It's important to note that a VAP form is a binding legal document--once signed, the signor is presumed to be the child's father, regardless of whether a DNA test has been conducted, and a person only has 60 days to rescind the contract. Any male who is considering signing a VAP form should pursue DNA testing if at all unsure that he is the father of the child.
Once a parent has established custody, the parent can seek visitation rights--otherwise known as "parenting time"--in order to spend time with the child. Illinois courts will consider several factors in determining whether a parent should be awarded visitation rights, including:
- The financial status of both parents;
- The living situation for both parents;
- The moral character of both parents; and
- The involvement of each parent in the upbringing of the child.
As with a married couple, a court determines child custody disputes based on the "best interest of the child" standard, meaning that the court awards custody and visitation based on what arrangement would be most beneficial to the upbringing and growth of the child.
Once parentage is established with regard to a child born to an unmarried couple, either parent can be ordered to pay child support to the other parent. A couple's nonmarried status has no bearing on entitlement to child support--because the purpose of child support is to ensure that a child's needs are taken care of, a parent who is awarded custody of an unmarried couple's child is entitled to receive child support benefits from the noncustodial parent.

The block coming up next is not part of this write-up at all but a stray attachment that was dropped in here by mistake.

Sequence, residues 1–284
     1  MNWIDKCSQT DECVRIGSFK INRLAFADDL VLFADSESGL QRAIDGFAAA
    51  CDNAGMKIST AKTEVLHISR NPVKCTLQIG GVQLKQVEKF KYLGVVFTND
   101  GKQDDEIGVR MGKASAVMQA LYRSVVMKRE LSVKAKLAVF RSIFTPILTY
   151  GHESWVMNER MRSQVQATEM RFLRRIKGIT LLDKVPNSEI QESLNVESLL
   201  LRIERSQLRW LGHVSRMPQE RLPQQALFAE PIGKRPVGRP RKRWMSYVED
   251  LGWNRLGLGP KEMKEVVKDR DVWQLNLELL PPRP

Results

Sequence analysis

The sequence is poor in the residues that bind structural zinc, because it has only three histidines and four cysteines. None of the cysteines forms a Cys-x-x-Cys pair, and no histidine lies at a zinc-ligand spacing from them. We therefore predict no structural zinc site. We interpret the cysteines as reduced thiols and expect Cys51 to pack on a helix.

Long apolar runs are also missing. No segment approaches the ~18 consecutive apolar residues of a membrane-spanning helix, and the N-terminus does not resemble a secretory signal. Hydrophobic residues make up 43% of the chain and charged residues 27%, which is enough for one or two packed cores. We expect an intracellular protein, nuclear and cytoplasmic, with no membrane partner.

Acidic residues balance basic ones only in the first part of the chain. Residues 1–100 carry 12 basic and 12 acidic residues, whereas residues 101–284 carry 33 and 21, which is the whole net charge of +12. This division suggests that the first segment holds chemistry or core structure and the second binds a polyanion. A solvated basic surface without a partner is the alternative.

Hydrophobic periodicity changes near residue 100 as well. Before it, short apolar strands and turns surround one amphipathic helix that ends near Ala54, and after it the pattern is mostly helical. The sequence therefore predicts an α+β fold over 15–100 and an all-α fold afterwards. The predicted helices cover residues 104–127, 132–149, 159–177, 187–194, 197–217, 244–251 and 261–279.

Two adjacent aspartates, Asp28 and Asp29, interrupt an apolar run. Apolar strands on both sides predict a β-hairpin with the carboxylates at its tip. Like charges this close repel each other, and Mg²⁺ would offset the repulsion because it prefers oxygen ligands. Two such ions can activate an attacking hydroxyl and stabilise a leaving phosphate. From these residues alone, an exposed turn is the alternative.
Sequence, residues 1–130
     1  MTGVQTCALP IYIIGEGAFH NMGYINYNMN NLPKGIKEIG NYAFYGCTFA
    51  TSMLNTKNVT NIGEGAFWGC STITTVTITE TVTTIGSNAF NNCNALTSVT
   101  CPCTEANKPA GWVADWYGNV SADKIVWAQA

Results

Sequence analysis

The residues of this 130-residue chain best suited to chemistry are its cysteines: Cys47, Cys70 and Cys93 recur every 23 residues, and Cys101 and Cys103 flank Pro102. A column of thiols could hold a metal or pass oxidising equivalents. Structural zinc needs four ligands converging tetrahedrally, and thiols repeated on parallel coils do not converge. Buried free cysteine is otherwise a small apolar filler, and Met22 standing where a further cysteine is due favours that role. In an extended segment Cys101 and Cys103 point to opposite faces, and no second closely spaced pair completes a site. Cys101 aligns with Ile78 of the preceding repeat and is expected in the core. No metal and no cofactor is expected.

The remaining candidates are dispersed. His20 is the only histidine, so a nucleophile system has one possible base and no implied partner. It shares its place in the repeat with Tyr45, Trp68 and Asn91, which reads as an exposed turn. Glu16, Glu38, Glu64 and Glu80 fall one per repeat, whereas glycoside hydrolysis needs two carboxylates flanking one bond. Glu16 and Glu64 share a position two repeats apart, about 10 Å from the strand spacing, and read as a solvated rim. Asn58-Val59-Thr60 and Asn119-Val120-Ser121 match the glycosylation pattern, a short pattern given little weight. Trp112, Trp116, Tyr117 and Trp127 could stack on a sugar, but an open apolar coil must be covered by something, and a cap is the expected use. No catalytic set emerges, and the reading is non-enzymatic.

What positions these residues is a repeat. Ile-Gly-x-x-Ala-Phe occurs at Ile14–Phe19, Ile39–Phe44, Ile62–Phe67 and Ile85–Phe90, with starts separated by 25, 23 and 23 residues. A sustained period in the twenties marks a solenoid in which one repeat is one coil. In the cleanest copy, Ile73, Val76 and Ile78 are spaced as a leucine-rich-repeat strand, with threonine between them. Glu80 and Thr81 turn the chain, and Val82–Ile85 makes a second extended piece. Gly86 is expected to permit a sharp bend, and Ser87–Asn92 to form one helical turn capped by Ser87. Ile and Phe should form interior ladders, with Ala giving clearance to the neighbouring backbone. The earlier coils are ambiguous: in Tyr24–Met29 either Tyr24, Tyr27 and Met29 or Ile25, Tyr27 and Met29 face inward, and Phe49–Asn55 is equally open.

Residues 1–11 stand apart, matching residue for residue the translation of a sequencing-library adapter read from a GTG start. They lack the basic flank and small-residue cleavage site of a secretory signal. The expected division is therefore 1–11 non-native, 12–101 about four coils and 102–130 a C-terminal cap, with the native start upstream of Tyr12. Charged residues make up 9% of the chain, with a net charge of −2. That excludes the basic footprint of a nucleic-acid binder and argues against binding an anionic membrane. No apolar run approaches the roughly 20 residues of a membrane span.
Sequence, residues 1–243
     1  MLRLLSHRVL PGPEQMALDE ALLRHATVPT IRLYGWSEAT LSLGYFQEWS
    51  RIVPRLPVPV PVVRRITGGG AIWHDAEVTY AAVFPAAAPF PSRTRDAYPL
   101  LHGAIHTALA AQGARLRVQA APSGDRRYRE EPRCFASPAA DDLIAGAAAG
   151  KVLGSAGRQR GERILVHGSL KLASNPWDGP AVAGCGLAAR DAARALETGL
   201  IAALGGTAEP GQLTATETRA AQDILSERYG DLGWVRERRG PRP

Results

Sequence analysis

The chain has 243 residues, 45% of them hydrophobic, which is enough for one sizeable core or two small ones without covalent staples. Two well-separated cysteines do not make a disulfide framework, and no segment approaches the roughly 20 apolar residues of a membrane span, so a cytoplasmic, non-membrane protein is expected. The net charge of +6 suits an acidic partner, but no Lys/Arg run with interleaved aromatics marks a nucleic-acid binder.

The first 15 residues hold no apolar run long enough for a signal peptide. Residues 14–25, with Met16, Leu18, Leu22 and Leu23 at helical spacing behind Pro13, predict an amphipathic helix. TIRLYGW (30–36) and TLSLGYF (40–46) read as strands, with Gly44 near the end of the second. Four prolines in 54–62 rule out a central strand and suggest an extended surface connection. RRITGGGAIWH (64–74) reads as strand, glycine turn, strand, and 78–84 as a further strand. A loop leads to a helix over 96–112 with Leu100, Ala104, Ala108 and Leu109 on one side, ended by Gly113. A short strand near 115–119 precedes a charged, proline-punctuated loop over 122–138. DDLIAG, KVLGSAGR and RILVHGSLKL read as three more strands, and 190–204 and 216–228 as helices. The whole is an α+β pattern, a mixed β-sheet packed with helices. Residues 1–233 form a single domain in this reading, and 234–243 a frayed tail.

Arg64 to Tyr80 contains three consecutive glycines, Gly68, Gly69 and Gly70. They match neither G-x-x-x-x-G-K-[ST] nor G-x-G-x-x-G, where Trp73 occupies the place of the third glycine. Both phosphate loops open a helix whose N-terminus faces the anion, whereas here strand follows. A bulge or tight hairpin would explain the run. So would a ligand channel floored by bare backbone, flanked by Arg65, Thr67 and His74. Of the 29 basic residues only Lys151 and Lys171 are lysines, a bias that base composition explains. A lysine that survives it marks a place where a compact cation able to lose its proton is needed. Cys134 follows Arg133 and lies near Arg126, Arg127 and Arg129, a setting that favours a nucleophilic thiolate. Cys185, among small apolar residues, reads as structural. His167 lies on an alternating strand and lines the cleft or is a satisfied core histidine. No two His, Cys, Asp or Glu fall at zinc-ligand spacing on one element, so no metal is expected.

Property Ownership for Unmarried Couples
While married couples retain certain legal rights to a spouse's property following the dissolution of the parties' marriage, the same rights are not awarded to nonmarried couples, no matter how serious the relationship might have been. When it comes to the division of property following separation, an unmarried partner has very little recourse to recover property, due to the state's policy of "discouraging cohabitation between unmarried parties and disfavoring nonmarital children."
As recently as 2016, the Illinois Supreme Court reaffirmed that unmarried partners have no rights to the other partner's property if the couple breaks up. The court reasoned that as Illinois now allowed same-sex couples to legally marry, there was no valid reason to protect the property rights of a couple who opted to live together without marrying each other. Therefore, even if a couple acts as if they are married by commingling funds and living together unless the parties are legally married, no legal protections are available to protect the property rights for an unmarried couple who breaks up.
Facing Separation from your Unmarried Partner? Contact Us Today
If you are separating from your partner in the state of Illinois, you may be entitled to certain rights even though you were not legally married. The attorneys who make up Dolci & Weiland's family law team are dedicated to helping unmarried couples obtain a fair settlement when it comes to issues such as custody of children and division of property.
Don't let yourself get taken advantage of after your breakup--to speak to a member of our legal team today, fill out an online case evaluation form or contact the Dolci & Weiland office closest to you today--for our DuPage office, call (630) 261-9098, or for our downtown Chicago location, contact (312) 238-9007.